Week 36 – Kolbe and Antisemitism

75th Anniversary of the Martyrdom of Maximilian Kolbe

Week 36
Kolbe and Anti-Semitism

Even though Maximilian Kolbe was put to death by the Nazis in Auschwitz where millions of Jews were gassed and killed, he is accused by some of being an anti-Semite.
Why would the Nazis kill him, if like them, Maximilian was an anti-Semite?
Is there any factual evidence or merely innuendo and accusations of false association?
One cannot help but accept and acknowledge that Jews are sensitive to any and all forms of anti-Semitism considering 5-6 million Jews were killed out of a population of 9 million in Europe.
The Jewish population in many countries was either wiped out or decimated in such a way that all that is left are empty synagogues and cemeteries reminding one of a rich and historic past.
One can only shudder at the thought of what would have happened to the remaining 3 million Jews if Hitler had militarily won the war.

Anti-Semitism takes many different forms from
* religious (Jew as Christ-killer),
* economic (Jew as banker, usurer, money-obsessed),
* social (Jew as social inferior, “pushy,” vulgar, therefore, excluded from personal contact),
* racist (Jews as an inferior “race”),
* ideological (Jews regarded as subversive or revolutionary),
* cultural (Jews regarded as undermining the moral and structural fiber of civilization).

In none of these examples can Maximilian Kolbe be found.
Kolbe clearly wanted to bring the world to Christ and this included “some” Jews and Masons, who were politically active against the teachings of the Catholic Church.
Kolbe had read the Russian propaganda mythic slandering document of the Protocols of Zion and was thought to have believed them to be true at the time as did Thomas Edison and others.

There is no evidence however that he took it seriously or acted upon it.
In those rare writings where he refers to the Protocols of Zion, Kolbe’s criticism was directed towards a “few Jews” whom he hoped to convert, just as he hoped to convert the world.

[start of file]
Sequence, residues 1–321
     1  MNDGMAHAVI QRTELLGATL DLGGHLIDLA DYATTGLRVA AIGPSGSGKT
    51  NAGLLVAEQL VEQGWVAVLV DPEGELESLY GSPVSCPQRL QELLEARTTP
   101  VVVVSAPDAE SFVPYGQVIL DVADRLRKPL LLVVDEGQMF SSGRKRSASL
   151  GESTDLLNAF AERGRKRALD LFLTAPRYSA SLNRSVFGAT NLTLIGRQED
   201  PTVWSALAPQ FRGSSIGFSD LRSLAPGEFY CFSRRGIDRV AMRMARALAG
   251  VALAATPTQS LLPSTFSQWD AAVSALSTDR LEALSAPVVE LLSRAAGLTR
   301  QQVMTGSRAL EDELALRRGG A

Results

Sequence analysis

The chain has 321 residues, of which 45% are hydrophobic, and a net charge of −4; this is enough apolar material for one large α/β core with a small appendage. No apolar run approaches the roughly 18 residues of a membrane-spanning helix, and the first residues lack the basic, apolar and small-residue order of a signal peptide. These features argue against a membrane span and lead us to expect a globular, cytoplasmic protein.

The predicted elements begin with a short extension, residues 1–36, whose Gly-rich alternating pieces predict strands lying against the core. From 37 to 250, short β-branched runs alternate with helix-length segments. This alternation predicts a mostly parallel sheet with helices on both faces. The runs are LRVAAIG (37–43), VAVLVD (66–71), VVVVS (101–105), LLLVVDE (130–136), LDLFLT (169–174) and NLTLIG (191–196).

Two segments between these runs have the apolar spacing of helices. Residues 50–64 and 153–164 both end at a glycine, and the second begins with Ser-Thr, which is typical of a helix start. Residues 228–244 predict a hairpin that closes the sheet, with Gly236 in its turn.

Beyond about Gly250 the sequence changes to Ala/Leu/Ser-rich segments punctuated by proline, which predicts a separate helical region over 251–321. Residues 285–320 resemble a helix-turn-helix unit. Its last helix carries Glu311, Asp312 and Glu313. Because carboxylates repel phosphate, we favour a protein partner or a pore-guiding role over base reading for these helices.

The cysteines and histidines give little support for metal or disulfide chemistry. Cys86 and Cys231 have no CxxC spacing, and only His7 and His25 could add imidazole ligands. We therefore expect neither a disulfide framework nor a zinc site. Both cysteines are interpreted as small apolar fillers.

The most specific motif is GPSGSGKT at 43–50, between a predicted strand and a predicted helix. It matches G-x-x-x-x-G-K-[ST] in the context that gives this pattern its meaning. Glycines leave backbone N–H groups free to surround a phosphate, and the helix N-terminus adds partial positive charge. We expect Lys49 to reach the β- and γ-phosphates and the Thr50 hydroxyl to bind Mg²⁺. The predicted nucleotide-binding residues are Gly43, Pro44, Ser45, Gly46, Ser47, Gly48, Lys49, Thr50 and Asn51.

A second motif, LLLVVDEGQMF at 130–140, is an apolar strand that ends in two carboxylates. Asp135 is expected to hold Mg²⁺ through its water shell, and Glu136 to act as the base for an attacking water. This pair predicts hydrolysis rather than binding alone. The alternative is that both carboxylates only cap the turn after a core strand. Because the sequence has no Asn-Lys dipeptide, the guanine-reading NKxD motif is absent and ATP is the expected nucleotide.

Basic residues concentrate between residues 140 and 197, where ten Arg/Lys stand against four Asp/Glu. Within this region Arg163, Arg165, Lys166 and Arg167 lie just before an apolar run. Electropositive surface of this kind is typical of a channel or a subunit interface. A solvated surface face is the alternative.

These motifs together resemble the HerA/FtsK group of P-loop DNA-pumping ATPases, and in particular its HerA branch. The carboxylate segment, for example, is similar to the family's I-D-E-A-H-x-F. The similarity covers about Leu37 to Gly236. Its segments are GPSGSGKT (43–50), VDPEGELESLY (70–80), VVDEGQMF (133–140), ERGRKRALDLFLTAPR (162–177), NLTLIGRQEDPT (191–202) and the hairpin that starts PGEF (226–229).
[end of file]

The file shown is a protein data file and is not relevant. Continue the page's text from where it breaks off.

There is also no evidence that Kolbe personally believed in the racial anti-Semitism based on the social Darwinism which the Nazis later adopted.

Kolbe was, however, critical of Marxist atheism which the Papacy condemned in 1848, “Some”
of whom were Jewish and participated in these Marxists political parties such as the Bolsheviks.

Lenin’s grandmother was Jewish as well as Trotsky who was the founding leader of the Red Army and alongside Lenin, Stalin, and four others founded the first Politburo, in 1917 in order to manage the Bolshevik Revolution.
On a personal level, Kolbe showed the same kindness and acceptance to Jews as he showed to all people from Poland to Japan, Catholic ,and non-Catholic.

After the Nazi invasion of Poland, a woman who was clearly anti-Semitic, came to the friary in Niepekalanow and asked him if it was “all right” to give handouts to war impoverished Jews, begging at her door. Maximilian replied, “We must do it because every man is our brother.”
After the war began, thousands of Jews were housed at his friary in Niepekalanow.

In truth, however, Maximilian has done more for the Jews and the holocaust by his death than
any other Catholic.

Kolbe has introduced the genocide of the Jews in particular to millions who might only have had
a passing thought or interest in Auschwitz and the Holocaust at best.

Kolbe is a doorway for Catholics to understand and enter into the suffering of the Holocaust and the Jews, and by remembering Kolbe’s death every Jew is remembered by every Catholic. Kolbe thus can be a bond for Jews and Catholics.
As Eddie Gastfriend, a Jewish survivor from Auschwitz said, “Those of us Jews who came into contact with priests, such as Father Kolbe (I didn’t know him personally, but I heard stories about him), felt it was a moving time-a time when a covenant in blood was written between Christians andJews. . . .”(A Man for Others by Patricia Treece, p. 177. Marytown Press) Prayer : O Lord, open my eyes to see, my ears to hear, my heart to love and my hands to reach out to my neighbor, in times of need regardless of race, or color or creed.

Meditations and Questions :
1. What is it like to be discriminated against because of race, color or creed?
2. How have Jews in particular been targets of discrimination?
3. How have Christians discriminated and persecuted Jews historically?
4. How can Jews and Christians become better sons and daughters of Abraham, our common
Father in Faith?